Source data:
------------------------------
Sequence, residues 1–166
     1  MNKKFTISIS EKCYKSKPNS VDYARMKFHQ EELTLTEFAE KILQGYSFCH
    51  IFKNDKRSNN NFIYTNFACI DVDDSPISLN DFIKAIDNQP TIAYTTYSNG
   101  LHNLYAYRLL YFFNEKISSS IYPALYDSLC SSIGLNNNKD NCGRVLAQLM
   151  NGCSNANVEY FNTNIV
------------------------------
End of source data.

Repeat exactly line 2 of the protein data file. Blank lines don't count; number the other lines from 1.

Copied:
     1  MNKKFTISIS EKCYKSKPNS VDYARMKFHQ EELTLTEFAE KILQGYSFCH